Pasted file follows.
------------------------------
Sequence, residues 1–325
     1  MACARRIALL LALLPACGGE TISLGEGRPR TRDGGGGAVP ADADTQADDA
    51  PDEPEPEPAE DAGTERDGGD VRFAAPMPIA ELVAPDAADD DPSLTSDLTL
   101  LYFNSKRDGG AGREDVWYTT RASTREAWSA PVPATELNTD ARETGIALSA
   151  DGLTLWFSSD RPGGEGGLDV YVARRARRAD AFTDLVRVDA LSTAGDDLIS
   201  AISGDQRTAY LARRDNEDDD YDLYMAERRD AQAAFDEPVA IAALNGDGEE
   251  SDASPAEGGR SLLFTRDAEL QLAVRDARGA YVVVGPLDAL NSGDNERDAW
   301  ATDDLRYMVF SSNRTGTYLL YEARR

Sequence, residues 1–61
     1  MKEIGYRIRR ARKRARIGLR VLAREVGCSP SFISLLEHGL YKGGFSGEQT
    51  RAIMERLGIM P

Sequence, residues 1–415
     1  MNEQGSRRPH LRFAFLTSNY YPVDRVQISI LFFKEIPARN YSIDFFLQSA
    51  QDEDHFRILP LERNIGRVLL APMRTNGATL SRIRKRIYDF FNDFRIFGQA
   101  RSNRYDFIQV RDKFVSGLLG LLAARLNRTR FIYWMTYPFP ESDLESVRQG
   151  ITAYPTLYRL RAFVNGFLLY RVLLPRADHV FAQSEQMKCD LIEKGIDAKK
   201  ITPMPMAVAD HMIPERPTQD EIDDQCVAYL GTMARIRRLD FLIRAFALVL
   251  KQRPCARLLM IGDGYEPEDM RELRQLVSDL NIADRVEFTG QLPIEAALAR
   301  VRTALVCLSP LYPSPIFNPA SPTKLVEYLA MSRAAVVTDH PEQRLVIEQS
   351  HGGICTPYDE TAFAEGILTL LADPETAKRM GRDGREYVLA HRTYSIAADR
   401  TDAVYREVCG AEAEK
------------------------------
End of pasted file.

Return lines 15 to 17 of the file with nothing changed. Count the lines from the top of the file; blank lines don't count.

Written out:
   101  RSNRYDFIQV RDKFVSGLLG LLAARLNRTR FIYWMTYPFP ESDLESVRQG
   151  ITAYPTLYRL RAFVNGFLLY RVLLPRADHV FAQSEQMKCD LIEKGIDAKK
   201  ITPMPMAVAD HMIPERPTQD EIDDQCVAYL GTMARIRRLD FLIRAFALVL